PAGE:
A week ago Sunday was 6 months since my dad passed away. It is still very surreal, as if he’s away on work or out running an errand. At this landmark in our family history, we reach another moment: my mother’s dad passing away two days later, March 26th, 2013.
My mom’s dad has always been one of my favorite people in this world. There is not a memory I have with him that doesn’t make me smile, laugh, or cry (in the best way). I want to take a short post here to tell you about how special this man is and a few of the wonderful things he taught me during my life.
My grandfather was a cabinet maker by trade though very skilled and talented in many ways. He enlisted in the Navy at 17 during WWII and was stationed in the Pacific. He was a carpenter and helped repair Higgins boats. It was such a treat to go to the WWII museum in New Orleans with him and hear him talk about repairing the boats in front of the actual boats. After the war, he returned home to marry his wife, of now 65 years. I won’t elaborate on how the rest of the story goes except they had 5 beautiful children together and have lived in the same house forever. Grandpa worked multiple jobs to give his wife and kids a good life. Speed ahead in the story and find beautiful marriages and children being born.
Many of my youngest memories are from my grandparents’ house. Grandma makes the best roast, mashed potatoes, rice, and veggies you’ve ever eaten. Grandpa used to take us to his workshop to build things or play in his office. After a long day of playing on the patio, working in the yard, or helping grind green peppers, Grandpa would pile us into his truck , make a stop at the corner shop for an Icee before heading up the levee to drive along the river, look at horses, count the peacocks, or whatever other adventures came our way.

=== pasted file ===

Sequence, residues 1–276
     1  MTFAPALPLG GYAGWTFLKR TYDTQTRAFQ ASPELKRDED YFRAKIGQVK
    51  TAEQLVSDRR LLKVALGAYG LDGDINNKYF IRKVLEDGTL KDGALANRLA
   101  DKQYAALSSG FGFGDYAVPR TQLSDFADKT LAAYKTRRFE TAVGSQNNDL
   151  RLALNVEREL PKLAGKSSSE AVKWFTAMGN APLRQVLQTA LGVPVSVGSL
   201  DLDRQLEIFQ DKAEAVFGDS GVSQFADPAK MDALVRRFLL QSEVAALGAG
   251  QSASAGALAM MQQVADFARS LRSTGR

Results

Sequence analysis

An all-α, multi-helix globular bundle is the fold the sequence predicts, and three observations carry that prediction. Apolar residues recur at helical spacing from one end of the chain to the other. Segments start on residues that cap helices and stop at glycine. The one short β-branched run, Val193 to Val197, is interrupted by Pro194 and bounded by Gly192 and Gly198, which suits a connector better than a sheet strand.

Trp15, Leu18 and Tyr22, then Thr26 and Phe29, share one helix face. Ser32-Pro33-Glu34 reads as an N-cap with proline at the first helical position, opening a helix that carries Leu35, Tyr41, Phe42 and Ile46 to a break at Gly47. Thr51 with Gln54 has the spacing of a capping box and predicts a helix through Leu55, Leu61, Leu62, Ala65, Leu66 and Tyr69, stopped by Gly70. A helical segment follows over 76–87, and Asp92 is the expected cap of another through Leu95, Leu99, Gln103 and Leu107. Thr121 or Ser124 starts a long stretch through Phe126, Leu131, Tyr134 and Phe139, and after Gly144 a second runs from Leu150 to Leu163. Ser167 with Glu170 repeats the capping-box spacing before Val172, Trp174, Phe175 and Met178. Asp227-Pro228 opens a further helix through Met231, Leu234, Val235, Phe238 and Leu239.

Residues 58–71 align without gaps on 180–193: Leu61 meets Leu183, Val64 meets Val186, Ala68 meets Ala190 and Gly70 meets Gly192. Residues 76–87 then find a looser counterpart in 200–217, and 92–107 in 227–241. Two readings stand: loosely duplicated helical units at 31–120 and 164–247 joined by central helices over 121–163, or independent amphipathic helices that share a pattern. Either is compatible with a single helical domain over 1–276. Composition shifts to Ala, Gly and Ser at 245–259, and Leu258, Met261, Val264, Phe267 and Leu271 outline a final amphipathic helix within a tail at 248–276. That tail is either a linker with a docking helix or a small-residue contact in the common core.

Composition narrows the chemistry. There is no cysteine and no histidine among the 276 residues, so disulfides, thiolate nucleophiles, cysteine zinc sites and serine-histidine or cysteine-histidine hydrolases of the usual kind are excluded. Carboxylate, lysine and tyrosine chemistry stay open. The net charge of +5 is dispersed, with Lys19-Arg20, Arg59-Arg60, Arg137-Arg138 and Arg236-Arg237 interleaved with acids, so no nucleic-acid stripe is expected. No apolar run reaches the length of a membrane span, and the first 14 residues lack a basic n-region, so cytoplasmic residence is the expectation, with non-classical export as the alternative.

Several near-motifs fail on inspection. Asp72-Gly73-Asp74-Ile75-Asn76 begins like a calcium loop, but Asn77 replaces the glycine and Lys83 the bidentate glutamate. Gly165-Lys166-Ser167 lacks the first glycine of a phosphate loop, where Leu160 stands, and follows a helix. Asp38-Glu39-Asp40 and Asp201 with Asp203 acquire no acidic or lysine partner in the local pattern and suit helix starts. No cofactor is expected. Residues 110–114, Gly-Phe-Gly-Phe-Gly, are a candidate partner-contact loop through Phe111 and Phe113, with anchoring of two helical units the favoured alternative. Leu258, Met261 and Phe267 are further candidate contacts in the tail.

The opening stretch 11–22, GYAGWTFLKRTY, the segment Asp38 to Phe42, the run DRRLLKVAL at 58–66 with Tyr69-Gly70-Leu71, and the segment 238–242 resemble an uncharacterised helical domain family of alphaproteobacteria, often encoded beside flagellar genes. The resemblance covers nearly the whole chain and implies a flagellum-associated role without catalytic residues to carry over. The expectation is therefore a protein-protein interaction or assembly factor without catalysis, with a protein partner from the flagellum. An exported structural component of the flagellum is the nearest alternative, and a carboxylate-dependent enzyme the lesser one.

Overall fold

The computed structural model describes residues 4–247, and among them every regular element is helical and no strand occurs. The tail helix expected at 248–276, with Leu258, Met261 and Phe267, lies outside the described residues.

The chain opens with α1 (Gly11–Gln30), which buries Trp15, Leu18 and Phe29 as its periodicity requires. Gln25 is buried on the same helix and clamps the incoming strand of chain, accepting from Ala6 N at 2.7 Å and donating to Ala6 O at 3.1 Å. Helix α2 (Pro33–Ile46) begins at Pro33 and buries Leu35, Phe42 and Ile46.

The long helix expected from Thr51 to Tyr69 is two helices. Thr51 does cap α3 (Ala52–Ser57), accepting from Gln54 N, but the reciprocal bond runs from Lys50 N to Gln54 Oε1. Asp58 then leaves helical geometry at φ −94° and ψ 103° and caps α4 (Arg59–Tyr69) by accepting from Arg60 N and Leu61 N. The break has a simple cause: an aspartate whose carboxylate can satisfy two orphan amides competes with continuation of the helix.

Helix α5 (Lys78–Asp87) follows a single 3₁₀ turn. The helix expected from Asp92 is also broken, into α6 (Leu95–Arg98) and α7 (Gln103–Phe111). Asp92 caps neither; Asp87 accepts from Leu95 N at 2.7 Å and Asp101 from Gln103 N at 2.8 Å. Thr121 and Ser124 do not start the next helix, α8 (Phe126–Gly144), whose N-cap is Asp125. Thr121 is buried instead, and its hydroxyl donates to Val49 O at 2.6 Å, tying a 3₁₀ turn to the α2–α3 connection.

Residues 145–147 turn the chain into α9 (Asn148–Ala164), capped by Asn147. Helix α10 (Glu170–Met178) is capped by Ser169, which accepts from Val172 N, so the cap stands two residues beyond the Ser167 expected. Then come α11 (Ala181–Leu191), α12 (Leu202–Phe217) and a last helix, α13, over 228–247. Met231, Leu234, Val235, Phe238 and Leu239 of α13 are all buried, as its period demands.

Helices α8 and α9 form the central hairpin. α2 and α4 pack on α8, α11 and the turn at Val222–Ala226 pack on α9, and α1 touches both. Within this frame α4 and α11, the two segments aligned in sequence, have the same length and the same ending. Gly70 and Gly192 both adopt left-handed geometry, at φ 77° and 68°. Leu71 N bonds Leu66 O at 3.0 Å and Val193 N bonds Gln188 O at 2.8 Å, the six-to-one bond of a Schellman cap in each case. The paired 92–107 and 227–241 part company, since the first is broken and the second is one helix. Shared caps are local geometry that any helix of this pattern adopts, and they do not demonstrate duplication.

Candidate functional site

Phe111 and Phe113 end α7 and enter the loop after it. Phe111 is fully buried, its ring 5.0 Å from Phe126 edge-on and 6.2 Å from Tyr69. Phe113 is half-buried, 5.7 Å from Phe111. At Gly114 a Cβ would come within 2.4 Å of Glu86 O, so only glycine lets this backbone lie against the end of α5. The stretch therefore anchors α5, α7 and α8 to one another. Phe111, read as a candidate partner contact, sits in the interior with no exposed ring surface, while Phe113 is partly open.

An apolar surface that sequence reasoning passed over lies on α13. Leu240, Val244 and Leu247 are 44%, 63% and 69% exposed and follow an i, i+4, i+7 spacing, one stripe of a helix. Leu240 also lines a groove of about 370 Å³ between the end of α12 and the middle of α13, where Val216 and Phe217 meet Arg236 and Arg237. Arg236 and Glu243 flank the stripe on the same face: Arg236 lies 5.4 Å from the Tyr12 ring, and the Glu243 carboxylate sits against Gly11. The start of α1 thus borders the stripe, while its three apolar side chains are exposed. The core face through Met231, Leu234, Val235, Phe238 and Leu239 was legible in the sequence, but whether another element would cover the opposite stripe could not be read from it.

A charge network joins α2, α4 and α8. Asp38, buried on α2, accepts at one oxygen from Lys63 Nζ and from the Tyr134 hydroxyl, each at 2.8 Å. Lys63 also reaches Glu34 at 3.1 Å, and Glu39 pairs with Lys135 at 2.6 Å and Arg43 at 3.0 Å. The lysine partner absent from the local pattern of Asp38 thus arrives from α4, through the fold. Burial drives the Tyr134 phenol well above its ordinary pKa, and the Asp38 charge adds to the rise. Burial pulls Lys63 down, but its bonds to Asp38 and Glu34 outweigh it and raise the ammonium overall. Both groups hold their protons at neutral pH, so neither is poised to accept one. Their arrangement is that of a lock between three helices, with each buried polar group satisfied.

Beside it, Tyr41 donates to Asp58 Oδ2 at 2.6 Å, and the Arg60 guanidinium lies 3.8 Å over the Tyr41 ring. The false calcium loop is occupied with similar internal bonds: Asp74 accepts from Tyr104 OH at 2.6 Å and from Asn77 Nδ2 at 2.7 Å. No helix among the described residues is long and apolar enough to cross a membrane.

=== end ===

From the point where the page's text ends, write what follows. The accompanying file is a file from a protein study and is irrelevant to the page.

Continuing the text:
My grandpa was a hardworking man. I would bet that is the most common word used to describe him, besides caring. My grandpa cared. He was an old fashioned, southern gentlemen. He always waved to everyone who passed, he helped people when they needed it, and he loved his family.
A few pieces of advice he always had for us are clear in this moment of remembrance. I remember as a kid flippantly saying “sorry” and Grandpa stopping me and telling me to only say I was sorry if I meant it and didn’t intend on doing it again. It made me stop to think about what the word sorry really means. I think about that lesson all the time (though I’m sure I say sorry and repeat my mistakes).
The other piece of advice or really words to live by were “Every dark cloud has a silver lining.” I think those words ring true more so today than ever before. As we celebrate my grandfather’s life and honor him, we can look to the silver lining. Though he is not with us on this earthy world any longer, he is with us in our hearts, minds, and all our beings.
I speak for myself when I say I would not be the person I am today without having a Grandpa like this. Looking forward I hope to instill the same values into my children and I know my mother will do the same into her grandchildren.
My cup runneth over,